When I was little I wanted to be drummer like Ringo. With my parents' help at a local baby parade, including the borrowing of some friend’s wigs, I got to play Ringo while my sisters and a neighbor played John, Paul, and George. Years later I learned to keep a basic rock or jazz beat on a drum kit but never tried to pass myself off as a real drummer.
In my teens and twenties my goal was to eventually be the lead guitarist of a successful loud rock band. You can read about my limited success and follow links to recordings in Me as 80s New York lead guitarist.
I had always listened to a lot of jazz and played a bit of electric bass. When we moved from New York City to Charlottesville in 2003 I got an upright bass, started taking lessons from Pete Spaar, and eventually became a regular in the local minor league jazz scene. The longest regular gig was playing with Fellini’s Jazz Collective #9 every Mondays (eventually, Wednesdays) at Fellini’s Italian Restaurant in Charlottesville for several years. I also played for a bit with Acme Swing and various one-offs with friends.
You can also hear me playing with Haywood Giles in the background to this XML Summer School in Oxford 2009 video.
I may have worked on my bowing and reading a little more than other jazz bass players at my level, but it never occurred to me that I was qualified to play in a symphony orchestra until a friend convinced me that the Waynesboro Symphony Orchestra was desperate enough for bass players that they would take me. They did, and I played with them from 2011 - 2017. This included Beethoven’s 9th and 5th symphonies, which are a real thrill to play.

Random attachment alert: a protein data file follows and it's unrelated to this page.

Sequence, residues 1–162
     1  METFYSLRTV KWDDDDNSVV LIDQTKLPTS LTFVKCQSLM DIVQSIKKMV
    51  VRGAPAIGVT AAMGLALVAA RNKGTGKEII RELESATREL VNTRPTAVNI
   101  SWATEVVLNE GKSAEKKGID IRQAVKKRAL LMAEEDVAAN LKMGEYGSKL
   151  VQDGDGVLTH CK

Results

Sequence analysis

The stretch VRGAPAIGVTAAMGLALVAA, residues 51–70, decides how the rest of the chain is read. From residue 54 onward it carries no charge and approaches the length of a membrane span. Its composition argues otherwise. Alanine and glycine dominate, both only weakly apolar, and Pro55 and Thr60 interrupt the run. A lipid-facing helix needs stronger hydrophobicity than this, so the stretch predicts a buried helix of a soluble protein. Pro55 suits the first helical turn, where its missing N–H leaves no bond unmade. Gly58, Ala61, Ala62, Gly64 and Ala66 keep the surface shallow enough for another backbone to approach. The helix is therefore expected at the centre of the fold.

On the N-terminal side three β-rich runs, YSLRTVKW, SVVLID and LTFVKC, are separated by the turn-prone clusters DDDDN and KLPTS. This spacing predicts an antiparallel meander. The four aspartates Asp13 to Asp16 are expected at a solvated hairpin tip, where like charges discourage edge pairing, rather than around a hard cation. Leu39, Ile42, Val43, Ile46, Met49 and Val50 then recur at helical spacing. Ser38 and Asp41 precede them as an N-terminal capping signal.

After I got involved in the Charlottesville jazz scene I started writing some jazz tunes. When I accumulated enough for an album I picked out some friends to rehearse it, picked a cool name for the band, and recorded an album of the songs. You can read about it at Album “Gin & Heptatonic” by my band The Heptatonic Jazz Quintet and follow links to the album on Spotify, Apple Music, and all the big streaming services on heptatonic.com.
For 20 or so years I had thought it would be great to be in a string quartet, and the viola is such a cool instrument (as cool as John Cale and Jonny Greenwood), so I borrowed one and started lessons in 2017. I knew it would be a while before I was ready for the Waynesboro Symphony Orchestra’s viola section, so I played with the Crozet Community Orchestra for a few concerts until the WSO’s announcement that they were doing Stravinsky’s Firebird Suite convinced me to jump into the deep end of that pool. I certainly faked parts of it, but overall it was a lot of fun and I have continued to play in their viola section. I’ve also been getting together with friends from those two orchestras to try out some string quartet and quintet pieces.
In the fall of 2019 I started playing viola with I-Jen Fang’s New Music Ensemble at the University of Virginia. For the spring 2020 semester, once the coronavirus social distancing required us to meet via Zoom instead of our regular rehearsal room, it turned out that a piece of mine that we’d been working on called “Zip + 4” could still be assembled without everyone being in the same room, so I did a mix and a video of the score synched with the audio.